Gunman opens fire inside store in California, USA

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Gunman opens fire inside store in California, USA

Friday, November 28, 2008

At least two people have been shot and killed in Palm Desert, California, after a gunman opened fire inside a Toys “R” Us toy store.

A spokesman for the Riverside County sheriff’s office said shots were reported to have been fired inside the store, and that two people had been shot and killed. Witnesses say that a fight erupted between two men. It then got louder and louder, when one pulled out a gun and began to shoot.

One man told the Associated Press that he thought the argument might have been due to a toy the men were fighting over.

Black Friday, the day after Thanksgiving in the U.S., is traditionally known as the biggest shopping day in the country when many retailers have deep discounts and sales on many products. Shoppers generally wake up early and spend much of the day shopping.

Earlier today, a worker was killed and at least three others were injured in a Black Friday door-buster sale stampede at a Wal-Mart in Long Island, New York. They had been knocked over and trampled by a crowd of other shoppers entering the store when it opened.

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Oldest living European person reaches age 114

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Oldest living European person reaches age 114

Friday, April 2, 2010

The oldest European, Florrie Baldwin, turned 114 on Wednesday. Baldwin, who was born in Leeds, West Yorkshire, England on March 31, 1896, has been recognised as the oldest person in Europe since 2009.

Baldwin, who lives in the Radcliffe Gardens Nursing Home, Leeds, is also known to be the fourth-oldest living person in the world, behind Eugenie Blanchard from Saint Barthélemy (Caribbean), France , Neva Morris from the United States and Kama Chinen from Japan.

On reaching the milestone, she was sent a congratulatory telegram from Queen Elizabeth II, the British monarch.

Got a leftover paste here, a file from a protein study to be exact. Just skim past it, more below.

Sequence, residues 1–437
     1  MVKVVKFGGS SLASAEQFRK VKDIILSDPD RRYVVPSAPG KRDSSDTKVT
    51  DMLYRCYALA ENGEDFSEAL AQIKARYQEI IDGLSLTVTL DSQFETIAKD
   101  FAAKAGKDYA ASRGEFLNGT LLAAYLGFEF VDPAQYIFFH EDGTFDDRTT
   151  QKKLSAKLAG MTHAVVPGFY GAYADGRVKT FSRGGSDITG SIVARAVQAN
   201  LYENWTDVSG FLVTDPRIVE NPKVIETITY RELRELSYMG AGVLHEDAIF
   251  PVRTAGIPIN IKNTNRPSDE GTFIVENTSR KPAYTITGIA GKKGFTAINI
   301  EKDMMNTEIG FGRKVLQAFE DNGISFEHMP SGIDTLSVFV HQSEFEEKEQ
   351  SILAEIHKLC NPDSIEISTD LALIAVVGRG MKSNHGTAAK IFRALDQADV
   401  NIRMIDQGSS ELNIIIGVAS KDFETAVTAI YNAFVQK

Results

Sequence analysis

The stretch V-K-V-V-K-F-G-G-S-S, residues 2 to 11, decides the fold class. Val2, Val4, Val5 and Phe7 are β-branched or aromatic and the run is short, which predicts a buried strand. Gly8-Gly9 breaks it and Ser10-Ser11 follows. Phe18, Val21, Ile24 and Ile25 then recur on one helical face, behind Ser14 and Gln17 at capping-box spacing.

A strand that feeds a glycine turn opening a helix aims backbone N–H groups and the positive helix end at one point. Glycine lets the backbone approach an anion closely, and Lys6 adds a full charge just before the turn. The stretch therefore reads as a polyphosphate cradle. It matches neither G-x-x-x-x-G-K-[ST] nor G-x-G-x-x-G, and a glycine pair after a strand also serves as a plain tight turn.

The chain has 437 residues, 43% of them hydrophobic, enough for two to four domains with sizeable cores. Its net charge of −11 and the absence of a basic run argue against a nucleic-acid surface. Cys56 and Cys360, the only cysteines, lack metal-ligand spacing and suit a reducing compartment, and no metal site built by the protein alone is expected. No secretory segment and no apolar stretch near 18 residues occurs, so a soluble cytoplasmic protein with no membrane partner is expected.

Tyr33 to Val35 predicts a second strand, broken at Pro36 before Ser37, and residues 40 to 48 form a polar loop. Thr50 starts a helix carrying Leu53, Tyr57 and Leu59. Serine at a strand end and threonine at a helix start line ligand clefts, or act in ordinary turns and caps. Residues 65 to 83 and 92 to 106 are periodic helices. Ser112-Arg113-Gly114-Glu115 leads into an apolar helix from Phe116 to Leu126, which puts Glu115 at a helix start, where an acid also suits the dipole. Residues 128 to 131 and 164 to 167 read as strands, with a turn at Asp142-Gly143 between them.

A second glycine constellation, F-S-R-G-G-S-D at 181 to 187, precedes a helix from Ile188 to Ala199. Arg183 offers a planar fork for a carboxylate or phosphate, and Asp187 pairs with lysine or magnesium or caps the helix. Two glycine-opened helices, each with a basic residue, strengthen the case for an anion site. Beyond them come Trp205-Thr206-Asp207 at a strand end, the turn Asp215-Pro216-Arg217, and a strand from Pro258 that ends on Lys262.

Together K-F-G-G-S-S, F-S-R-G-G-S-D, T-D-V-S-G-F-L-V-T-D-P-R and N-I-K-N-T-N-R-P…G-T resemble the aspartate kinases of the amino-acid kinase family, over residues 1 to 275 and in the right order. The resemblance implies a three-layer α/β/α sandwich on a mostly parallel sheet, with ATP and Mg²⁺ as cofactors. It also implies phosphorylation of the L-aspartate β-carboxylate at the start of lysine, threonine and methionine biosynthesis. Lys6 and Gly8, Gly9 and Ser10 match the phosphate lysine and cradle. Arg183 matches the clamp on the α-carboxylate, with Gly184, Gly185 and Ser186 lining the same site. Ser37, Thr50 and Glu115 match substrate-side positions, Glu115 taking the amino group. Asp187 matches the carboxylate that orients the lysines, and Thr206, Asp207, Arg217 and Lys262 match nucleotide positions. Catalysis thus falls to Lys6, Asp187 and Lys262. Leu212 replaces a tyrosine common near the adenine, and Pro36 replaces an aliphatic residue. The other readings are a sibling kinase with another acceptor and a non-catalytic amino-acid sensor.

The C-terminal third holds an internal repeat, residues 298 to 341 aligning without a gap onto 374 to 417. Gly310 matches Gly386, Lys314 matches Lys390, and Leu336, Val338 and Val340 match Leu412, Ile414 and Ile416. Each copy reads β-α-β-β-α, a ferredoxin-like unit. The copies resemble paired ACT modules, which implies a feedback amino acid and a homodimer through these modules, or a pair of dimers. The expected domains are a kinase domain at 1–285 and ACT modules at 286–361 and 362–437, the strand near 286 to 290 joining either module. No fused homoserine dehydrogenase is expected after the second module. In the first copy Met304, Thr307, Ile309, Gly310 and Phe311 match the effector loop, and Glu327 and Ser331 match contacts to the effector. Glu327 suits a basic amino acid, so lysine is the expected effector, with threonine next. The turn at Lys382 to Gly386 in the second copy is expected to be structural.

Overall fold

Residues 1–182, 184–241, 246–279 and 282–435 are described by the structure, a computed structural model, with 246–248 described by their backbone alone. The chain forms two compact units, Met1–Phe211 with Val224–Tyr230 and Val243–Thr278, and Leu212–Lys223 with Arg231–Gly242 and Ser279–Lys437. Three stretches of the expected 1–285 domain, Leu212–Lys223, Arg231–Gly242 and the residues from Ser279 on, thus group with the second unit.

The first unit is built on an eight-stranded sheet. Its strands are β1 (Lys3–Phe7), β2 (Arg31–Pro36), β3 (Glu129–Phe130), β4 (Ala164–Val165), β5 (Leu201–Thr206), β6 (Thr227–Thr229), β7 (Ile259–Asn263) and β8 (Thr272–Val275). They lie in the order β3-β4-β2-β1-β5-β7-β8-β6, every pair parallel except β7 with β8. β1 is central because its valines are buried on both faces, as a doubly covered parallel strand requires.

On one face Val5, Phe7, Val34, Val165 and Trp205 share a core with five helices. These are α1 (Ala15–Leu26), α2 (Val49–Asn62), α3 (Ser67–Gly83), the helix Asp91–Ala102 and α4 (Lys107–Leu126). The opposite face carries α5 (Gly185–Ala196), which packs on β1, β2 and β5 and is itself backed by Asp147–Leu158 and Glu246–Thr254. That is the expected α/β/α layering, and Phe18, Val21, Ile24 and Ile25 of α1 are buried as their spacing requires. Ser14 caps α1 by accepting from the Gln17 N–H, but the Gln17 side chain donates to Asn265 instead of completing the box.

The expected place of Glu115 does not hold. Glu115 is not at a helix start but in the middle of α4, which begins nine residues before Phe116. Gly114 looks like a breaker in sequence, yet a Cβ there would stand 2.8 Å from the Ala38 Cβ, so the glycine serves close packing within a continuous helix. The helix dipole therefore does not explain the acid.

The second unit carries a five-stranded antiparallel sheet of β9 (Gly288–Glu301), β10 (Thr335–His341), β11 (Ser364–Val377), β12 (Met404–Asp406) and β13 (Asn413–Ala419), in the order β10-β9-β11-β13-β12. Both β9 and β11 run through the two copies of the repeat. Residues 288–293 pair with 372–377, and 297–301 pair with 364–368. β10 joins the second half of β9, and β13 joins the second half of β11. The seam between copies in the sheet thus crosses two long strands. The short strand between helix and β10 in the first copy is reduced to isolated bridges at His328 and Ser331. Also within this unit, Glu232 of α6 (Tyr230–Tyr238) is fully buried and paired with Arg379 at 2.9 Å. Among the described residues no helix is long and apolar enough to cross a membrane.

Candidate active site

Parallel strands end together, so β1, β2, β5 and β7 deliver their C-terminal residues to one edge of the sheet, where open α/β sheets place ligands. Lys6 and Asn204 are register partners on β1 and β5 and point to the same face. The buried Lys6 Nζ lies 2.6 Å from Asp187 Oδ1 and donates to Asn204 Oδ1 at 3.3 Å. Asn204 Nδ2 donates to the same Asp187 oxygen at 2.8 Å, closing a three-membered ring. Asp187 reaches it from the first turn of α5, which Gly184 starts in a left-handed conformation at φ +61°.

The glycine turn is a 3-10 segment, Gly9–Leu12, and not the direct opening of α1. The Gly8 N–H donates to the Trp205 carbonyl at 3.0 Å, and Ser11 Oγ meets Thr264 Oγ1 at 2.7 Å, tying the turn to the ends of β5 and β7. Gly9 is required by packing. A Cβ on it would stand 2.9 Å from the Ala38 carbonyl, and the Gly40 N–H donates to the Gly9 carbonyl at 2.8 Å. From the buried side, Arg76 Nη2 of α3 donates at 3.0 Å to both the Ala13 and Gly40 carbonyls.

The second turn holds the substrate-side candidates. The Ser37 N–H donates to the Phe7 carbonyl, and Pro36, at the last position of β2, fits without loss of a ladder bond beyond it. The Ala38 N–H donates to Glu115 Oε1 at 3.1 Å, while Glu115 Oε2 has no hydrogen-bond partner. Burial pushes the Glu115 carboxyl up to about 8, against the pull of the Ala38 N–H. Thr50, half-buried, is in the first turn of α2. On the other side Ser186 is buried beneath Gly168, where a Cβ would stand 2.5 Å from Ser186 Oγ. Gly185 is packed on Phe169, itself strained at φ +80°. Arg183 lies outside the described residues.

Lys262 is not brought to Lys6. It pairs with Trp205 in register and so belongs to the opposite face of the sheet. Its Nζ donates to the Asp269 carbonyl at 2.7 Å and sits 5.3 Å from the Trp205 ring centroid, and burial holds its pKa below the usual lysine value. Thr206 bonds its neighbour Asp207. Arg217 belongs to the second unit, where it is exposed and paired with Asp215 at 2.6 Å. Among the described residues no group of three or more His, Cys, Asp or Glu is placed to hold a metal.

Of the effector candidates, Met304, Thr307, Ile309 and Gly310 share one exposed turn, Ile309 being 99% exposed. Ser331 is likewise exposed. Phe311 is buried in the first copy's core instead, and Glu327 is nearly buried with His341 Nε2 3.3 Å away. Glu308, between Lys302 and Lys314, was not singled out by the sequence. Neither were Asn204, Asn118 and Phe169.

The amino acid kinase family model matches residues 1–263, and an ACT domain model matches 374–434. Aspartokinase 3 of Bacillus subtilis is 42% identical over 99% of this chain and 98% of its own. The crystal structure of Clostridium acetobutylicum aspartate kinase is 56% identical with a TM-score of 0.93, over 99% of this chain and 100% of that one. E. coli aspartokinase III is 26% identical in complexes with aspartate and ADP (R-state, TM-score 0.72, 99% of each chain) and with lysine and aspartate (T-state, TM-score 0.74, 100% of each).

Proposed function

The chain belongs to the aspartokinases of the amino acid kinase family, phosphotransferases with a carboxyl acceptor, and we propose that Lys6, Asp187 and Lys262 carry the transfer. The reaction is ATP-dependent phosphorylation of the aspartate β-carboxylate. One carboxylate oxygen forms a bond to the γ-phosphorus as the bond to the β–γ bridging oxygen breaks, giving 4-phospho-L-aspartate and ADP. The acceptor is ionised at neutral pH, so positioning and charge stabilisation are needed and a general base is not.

David Worsnop, Baldwin’s 64-year-old grandson, stated: “When I’m chatting to people I don’t know well and I tell them I’ve got to go and see my grandmother they often give me a funny look. When my mother told the girl in the post office she wanted a Mothers’ Day card, the assistant looked at her as if she was crazy. But my grandmother is amazing, every year we say this will most likely be the last year we will do this. We have been saying that for 14 years but she keeps battling on.”

Baldwin puts the reasons for her longevity down to hard work and clean living. Worsnop adds determination to this: “I think that’s her secret. She’s very strong-willed. I think that’s the main thing, her strength of character.”

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Football: Lewandowski’s hat-trick against Armenia makes him Poland’s top-scorer, close to World Cup qualification

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Football: Lewandowski’s hat-trick against Armenia makes him Poland’s top-scorer, close to World Cup qualification

Sunday, October 8, 2017

On Thursday, Polish striker Robert Lewandowski surpassed W?odzimierz Luba?ski’s goal scoring record for the country in a qualifying match against Armenia for next year’s FIFA World Cup. Lewandowski equalled Lubanski’s record of 48 goals in the eighteenth minute of the game, and became new top-scorer after scoring another in the 25th minute. Lubanski had scored 48 goals for Poland in 75 matches.